Manchester United star Romelu Lukaku is becoming a fierce advocate for players and players’ associations to meet with CEOs and other entertainment chiefs over concerns about the effects of excessive social media use on health and fitness.
The Belgian striker, 24, said that while he is less “sensitive” about his own use of social media than some of his fellow professional athletes, it is important he “keep my head in the game” and be as fit as possible to compete at his highest level.
“Football and social media is one big thing now. Sometimes I find myself writing a tweet, with the pressures and the make-up of the stream, if you know what I mean,” Lukaku said in an interview with Euronews.
“It is more for the passion, like something like when I was playing in college [laughs]. It’s not something that I am too sensitive to. I think it’s a lot of things, I don’t know if it’s the pressure of your life, pressures in general or if it’s just the world is so different now in every sport, you know, in every single profession, in every single profession? It is a very different world now.
“Social media is a big thing in sports. I have social media, not because I want to abuse social media, because I just have it so I can stay in the game and keep my head in the game.
“I think as players’ union, players, we need to meet with the CEOs of every sport. Not to ask for favors, like for an additional contract, nothing like that. Just to understand that we are human beings, we have emotions and things like that. And we need to calm down sometimes. But, at the same time, we have to be very professional and stay focused at what we are doing.”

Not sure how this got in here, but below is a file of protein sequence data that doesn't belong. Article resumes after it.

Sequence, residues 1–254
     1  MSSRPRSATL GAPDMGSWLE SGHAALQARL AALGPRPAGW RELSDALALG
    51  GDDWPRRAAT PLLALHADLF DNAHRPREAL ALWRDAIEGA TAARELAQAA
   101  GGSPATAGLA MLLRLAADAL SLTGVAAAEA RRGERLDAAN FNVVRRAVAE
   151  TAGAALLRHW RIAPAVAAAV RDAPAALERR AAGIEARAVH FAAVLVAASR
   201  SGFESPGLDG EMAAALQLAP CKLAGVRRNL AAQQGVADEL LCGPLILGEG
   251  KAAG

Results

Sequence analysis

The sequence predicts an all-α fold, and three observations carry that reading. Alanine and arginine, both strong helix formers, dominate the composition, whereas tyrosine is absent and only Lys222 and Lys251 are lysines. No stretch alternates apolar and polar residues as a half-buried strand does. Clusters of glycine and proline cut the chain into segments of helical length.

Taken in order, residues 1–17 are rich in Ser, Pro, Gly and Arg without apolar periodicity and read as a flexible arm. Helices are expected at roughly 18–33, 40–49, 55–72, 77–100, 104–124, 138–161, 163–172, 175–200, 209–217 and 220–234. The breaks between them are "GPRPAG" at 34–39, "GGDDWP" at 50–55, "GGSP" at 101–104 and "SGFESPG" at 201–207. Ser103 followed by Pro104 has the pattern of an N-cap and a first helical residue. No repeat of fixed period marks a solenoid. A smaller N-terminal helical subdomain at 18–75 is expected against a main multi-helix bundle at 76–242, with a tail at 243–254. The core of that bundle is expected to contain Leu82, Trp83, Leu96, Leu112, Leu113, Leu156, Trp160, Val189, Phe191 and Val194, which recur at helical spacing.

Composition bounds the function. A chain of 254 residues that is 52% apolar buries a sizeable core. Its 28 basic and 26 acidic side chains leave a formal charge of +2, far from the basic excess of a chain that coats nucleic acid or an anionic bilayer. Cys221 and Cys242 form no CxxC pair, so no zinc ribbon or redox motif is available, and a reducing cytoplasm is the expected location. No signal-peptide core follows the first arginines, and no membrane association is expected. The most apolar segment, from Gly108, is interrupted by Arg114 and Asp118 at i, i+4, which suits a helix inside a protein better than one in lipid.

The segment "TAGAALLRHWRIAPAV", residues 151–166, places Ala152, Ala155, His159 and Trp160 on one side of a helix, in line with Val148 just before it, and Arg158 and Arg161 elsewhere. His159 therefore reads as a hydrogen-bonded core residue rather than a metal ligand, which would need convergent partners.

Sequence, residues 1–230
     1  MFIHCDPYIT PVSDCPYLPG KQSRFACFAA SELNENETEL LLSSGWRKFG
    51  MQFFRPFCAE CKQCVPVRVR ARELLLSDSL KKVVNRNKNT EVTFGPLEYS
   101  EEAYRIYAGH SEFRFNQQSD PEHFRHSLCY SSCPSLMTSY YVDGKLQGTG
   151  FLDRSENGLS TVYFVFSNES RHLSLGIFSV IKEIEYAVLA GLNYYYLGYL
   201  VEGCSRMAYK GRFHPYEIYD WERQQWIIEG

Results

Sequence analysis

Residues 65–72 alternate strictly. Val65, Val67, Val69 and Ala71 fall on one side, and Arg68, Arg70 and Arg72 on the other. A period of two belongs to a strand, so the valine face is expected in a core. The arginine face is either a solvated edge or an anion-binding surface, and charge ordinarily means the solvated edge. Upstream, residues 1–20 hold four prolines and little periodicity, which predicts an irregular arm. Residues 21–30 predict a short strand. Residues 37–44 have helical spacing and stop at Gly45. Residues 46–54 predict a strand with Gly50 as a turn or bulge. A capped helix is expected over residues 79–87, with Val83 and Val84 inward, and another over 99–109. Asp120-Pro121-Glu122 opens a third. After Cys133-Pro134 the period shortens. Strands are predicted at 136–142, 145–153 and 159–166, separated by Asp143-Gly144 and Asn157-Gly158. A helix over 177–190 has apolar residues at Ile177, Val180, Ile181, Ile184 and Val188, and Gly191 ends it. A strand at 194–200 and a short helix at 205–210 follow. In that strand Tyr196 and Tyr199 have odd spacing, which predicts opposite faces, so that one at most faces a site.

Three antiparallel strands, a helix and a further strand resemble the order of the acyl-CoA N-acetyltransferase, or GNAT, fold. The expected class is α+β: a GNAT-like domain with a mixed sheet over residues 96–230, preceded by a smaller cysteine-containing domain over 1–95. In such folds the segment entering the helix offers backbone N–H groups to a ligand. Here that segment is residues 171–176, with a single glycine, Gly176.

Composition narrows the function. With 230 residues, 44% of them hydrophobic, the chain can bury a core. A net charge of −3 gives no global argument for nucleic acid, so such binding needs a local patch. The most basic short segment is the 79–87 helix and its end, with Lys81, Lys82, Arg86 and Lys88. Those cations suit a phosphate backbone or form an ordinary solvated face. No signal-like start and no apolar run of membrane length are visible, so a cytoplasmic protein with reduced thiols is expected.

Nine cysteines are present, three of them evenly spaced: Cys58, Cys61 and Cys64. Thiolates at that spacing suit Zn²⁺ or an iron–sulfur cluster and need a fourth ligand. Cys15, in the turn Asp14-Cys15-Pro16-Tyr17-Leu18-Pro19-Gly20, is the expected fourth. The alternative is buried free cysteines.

Lukaku, who was signed by United for $80 million in July, says he takes inspiration from Seattle Seahawks wide receiver Doug Baldwin, who sat out training camp earlier this year in a bid to press teammates into greater dedication.
“Obviously they are two different cases. [Doug Baldwin] for football, for football. For me it’s a bit different,” Lukaku said.
“I think for him it was an easy decision [to skip camp], because he was a receiver, and it was a little more involved with the running and the receiving. As a striker, the ball is very tricky and depending on what happens, you have to be focused on the goal and know how to score and score goals.
“But that is a choice. If I go without football training, it’s not like a medical, you know what I mean, it’s a decision you made. So it’s that I think it’s an easy decision for a footballer to make.”